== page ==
Latest updates on the aftermath of the killing of the Conservative MP Sir David Amess on FridayThe home secretary, Priti Patel, said this morning “we need to close any gaps” in the safety arrangements for MPs (quotes from PA).She said “there are practical measures” being taken around the safety of MPs and politicians, giving as examples “booking appointments in advance, checking the details of the individuals that you are seeing, checking the locations in advance that you are going to, making sure that you are not on your own. I could go on - there are other things, linked to policing and security as well.“There are things already in place but I’m now very much, and Lindsay Hoyle the speaker of the House and I, with the police, and with others as well, we need to close any gaps basically where we feel that you know there are concerns.” Continue reading...
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How Leonard Cohen mined sacred texts for lyrics to his songs
New book reveals extent of the musician’s fascination with scriptures of Judaism and Christianity“She tied you to a kitchen chair, she broke your throne and she cut your hair, and from your lips she drew the Hallelujah...” No one hearing these lyrics from the song Hallelujah could doubt that Leonard Cohen knew how to write and sing about love, sex and desire. But fans of his music could be forgiven for not realising exactly what he was trying to convey about religion and the intricate references he was making to biblical stories, Talmudic legends and the Mishnah, a third-century Jewish text.Now, an analysis of Cohen’s work sets out to reveal how extensively the revered songwriter used both Christian and Jewish stories and imagery to express ideas in his songs. Continue reading...
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Man City player ratings vs Burnley as Bernardo Silva brilliant but Raheem Sterling struggles
Manchester City eased past Burnley without too much fuss but the win was down to two or three good performances
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Saturday Night Live mock Adam Driver’s voice during comedy sketch
‘An actor whose voice sounds like it’s been changed to protect his identity’
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Manchester United player ratings: Harry Maguire struggles and Cristiano Ronaldo frustrated
This is how the Man Utd players rated during their dire weekend defeat to Leicester City in the Premier League.
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Priti Patel outlines potential new safety arrangements for MPs 'We need to close any gaps'
PRITI PATEL has outlined potential new safety arrangements for MPs following the brutal murder of Sir David Amess.
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Everton vs West Ham live stream: How to watch Premier League fixture online and on TV today
Everything you need to know about the top-flight game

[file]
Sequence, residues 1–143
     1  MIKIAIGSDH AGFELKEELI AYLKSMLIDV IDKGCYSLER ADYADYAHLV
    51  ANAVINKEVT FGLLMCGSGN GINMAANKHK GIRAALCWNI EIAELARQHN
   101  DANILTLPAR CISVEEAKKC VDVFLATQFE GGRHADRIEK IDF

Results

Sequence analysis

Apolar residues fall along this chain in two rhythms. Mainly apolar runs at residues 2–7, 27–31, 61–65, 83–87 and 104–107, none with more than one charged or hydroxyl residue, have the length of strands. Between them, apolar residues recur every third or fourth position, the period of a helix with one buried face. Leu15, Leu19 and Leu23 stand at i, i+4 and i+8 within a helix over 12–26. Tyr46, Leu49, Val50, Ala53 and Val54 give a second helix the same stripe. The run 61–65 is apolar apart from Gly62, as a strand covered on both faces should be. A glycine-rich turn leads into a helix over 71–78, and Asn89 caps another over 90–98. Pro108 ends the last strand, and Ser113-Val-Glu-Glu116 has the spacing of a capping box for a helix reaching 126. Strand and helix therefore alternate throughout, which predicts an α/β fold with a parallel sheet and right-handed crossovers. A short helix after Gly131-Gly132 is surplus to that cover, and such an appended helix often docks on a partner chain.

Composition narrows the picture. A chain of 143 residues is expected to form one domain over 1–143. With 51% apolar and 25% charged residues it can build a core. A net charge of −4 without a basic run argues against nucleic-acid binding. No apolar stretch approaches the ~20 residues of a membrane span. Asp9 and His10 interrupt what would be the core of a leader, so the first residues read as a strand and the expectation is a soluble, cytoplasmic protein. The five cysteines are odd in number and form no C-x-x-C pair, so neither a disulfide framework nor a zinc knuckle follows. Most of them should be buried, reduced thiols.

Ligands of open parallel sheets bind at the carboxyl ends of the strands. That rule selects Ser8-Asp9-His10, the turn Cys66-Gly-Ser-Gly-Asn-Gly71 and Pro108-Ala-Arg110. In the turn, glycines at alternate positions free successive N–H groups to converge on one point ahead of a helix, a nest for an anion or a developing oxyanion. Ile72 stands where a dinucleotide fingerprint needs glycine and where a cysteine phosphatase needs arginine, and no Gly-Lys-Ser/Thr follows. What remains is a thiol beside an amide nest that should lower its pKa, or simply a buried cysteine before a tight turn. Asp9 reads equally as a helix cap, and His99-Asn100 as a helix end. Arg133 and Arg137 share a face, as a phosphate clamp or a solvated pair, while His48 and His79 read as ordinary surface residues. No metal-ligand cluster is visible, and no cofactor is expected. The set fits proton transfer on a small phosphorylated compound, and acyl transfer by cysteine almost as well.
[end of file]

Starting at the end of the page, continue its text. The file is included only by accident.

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Is Everton vs West Ham on TV today? Kick-off time, channel and how to watch Premier League fixture
Everything you need to know about the top-flight game
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Newcastle vs Tottenham live stream: How to watch Premier League fixture online and on TV today
All you need to know ahead of Sunday’s match
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Is Newcastle vs Tottenham on TV today? Kick-off time, channel and how to watch Premier League fixture
All you need to know ahead of Sunday’s match
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David Amess murder suspect’s home on celebrity street searched by police after stabbing
Detectives have included Ali Harbi Ali's council flat as one of three properties they are searching as part of the investigation into the brutal killing of Tory MP Sir David Amess
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Thiago Silva slams Edouard Mendy’s Ballon d’Or snub after Man of the Match display for Chelsea
The goalkeeper gave a superb display against Brentford on Saturday.
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Travis Barker joins Young Thug on Saturday Night Live for energetic performance of ‘Tick Tock’
The pair appeared on the third episode of SNL’s 47th season as musical guests
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Countryfile star Julia Bradbury thanks sister for ‘sharing tears’ after mastectomy amid cancer battle
The TV presenter was diagnosed with breast cancer in September.
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As the killers who terrorised their families face execution, relatives disagree on whether that adds up to justice
While some see the death penalty as offering a measure of closure, others have been moved to campaign against the ultimate punishment
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Jurgen Klopp confident there is still more to come from Mohamed Salah
Salah produced his latest dazzling display at Vicarage Road on Saturday.
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Dan Burn bemused that Brighton’s penalty claim was turned down at Norwich
The Seagulls extended their unbeaten run in the Premier League to five matches.
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The puzzling marriage of mint and choc
Somehow it works really well, especially at Christmas Mint and chocolate are a curious pairing. One seems so pure and medicinal, the other hedonistic and dissolute. It is a coupling that instantly makes me think of Christmas (69 days to go).Summerdown (behind whom is Sir Michael Colman, formerly of mustard fame) is no stranger to the marriage of mint and chocolate, it does a great range; I particularly love its peppermint fondants. But new to the party are three bars, £3.25/100g, all containing single-origin Colombian cocoa and peppermint oil. There are two 70% bars, one with sugar crystals for a nice minty crunch, and a milk. Continue reading...
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Elizabeth Strout: ‘I’ve thought about death every day since I was 10'